I've received sporadic reports that Lake Erie Stories is beginning to arrive in the mailboxes of the people who were kind enough to support my little endeavour by preordering her online.
I read a piece by a fiction author on the New York Times web site the other day who described the arrival of a new book as being "like a mist." He's largely right; you sign off on the final proofs, then you wait. And wonder. A few weeks later, your publisher will tell you that they've received some finished copies. You check them over. Then silence. A few more weeks pass. Then you notice (thanks to the Internet) that a few local stores are stocking your book. A friend will comment on how good their newly received copy looks. Then more silence. Then (hopefully) a review or two. More silence.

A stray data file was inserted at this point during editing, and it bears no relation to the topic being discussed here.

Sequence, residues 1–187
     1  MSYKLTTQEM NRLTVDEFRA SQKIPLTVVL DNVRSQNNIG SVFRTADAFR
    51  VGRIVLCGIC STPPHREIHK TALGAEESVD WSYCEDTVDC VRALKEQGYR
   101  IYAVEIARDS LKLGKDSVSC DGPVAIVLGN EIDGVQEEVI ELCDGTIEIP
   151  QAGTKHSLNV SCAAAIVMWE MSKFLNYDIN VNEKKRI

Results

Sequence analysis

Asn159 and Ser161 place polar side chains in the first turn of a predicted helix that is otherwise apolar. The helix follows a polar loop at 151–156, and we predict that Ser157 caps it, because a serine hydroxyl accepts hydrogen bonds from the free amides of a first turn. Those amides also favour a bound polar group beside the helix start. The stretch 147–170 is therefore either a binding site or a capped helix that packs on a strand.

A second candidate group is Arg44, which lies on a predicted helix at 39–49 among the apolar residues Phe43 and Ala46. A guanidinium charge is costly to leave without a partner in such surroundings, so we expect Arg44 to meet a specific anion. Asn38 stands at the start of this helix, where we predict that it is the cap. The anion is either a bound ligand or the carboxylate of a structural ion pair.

The excruciatingly long timelines still involved with book publishing are a surprise to many in our "just-in-time" world. Lake Erie Stories has been in print for almost four weeks now, and I'm just on the leading edge of any kind of response. This can have a torturous effect on the already fragile psyche of an author, particularly a first-timer like me. I've seen enough now to know that the book is in fine shape from an editorial standpoint, and my anxiety level drops a little bit daily -- but some days I just want to hop out of the car and give it a good push. To really see what it can do.
More on the ongoing debut of Lake Erie Stories soon. Meantime, if you're interested, click here for that New York Times piece. It was originally written back in 1987, but much of it still applies today. It's an amusing look at the birth of a book.